Overtime for contract lawyers? Maybe so.

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Aug 3, 2015

Late July is the perfect time for a Big Law managing partner to go on vacation. The compensation battles are still months away. The end-of-year A/R collections push doesn't start until the 4th quarter. And, the associates are on vacation or busy entertaining summer associates. Nothing happens in late July, right? Wrong. Check your inbox, managing partners. The Second Circuit just delivered you a summer surprise that could dramatically impact your document review projects.

In Lola v. Skadden Arps, a contract lawyer assigned to perform document review sued Skadden and a legal staffing company claiming violations of the Fair Labor Standards Act, specifically the overtime provisions. The district court granted the defendants' motion to dismiss, holding that the plaintiff was exempt from the FLSA's overtime provisions under the "professional capacity" exemption.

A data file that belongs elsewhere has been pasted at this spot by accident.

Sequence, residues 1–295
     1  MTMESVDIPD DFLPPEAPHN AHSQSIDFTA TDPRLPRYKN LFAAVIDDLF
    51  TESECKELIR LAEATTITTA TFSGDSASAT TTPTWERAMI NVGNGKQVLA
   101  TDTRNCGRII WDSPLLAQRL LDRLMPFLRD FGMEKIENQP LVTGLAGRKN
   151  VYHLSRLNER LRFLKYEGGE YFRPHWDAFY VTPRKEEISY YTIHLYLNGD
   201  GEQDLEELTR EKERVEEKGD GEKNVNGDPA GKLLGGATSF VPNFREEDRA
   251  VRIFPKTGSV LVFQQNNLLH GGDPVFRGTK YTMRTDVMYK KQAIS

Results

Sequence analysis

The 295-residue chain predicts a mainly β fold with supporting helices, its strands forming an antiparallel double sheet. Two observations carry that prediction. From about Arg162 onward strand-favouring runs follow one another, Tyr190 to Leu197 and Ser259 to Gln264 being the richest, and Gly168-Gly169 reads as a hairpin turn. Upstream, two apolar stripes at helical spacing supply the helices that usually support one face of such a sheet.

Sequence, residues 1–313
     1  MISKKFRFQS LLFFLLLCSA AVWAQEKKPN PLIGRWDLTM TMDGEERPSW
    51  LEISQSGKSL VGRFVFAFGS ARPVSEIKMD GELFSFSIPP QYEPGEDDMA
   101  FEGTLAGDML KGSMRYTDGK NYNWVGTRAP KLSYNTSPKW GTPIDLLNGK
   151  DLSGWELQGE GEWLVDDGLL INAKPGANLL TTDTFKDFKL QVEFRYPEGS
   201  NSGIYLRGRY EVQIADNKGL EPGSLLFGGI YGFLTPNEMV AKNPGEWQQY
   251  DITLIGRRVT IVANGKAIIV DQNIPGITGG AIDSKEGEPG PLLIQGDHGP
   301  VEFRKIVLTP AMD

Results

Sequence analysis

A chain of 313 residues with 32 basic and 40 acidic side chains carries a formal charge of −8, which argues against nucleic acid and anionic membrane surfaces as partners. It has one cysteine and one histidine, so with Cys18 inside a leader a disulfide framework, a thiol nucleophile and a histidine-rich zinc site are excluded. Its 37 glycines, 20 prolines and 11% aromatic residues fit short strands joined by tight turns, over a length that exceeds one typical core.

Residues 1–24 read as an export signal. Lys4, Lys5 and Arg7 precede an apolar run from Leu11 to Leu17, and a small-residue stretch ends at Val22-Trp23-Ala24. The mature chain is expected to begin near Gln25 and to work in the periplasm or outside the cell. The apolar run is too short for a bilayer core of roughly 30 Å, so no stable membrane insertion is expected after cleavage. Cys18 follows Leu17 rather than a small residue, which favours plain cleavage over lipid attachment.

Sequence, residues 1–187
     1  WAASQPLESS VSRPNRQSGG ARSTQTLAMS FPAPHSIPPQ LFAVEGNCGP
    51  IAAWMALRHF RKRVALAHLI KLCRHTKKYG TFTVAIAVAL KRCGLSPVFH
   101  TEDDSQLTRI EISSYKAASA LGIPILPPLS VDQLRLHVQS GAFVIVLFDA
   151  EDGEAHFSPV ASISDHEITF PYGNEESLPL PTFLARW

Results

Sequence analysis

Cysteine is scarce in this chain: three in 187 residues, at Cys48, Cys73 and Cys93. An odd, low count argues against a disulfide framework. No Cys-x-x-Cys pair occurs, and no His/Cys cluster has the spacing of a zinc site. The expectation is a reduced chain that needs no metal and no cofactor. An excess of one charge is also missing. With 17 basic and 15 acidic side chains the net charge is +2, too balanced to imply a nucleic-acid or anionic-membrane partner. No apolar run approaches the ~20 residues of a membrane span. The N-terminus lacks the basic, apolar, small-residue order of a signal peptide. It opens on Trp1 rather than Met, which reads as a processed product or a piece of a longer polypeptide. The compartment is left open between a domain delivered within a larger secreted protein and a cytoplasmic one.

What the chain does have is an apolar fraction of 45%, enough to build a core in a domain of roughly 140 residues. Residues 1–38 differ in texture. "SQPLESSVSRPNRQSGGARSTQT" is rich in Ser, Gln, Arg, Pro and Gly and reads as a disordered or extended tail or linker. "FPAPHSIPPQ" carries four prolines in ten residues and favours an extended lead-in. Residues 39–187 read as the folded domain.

In a move that is sure to rattle the windows in a few corner offices, the Second Circuit reversed, holding that contract lawyers who perform document review aren't necessarily exempt from the FLSA. If contract lawyers perform essentially clerical functions, sorting documents according to criteria established by someone else and exercising no legal judgment, then they may not be "practicing law" under controlling state law and may have to be paid overtime.

The case was remanded for further factual development, so this one is a long way from over, but it could have far-reaching impact on the practice of Big Law.


Craig E. Bertschi, Partner — McRae Bertschi LLC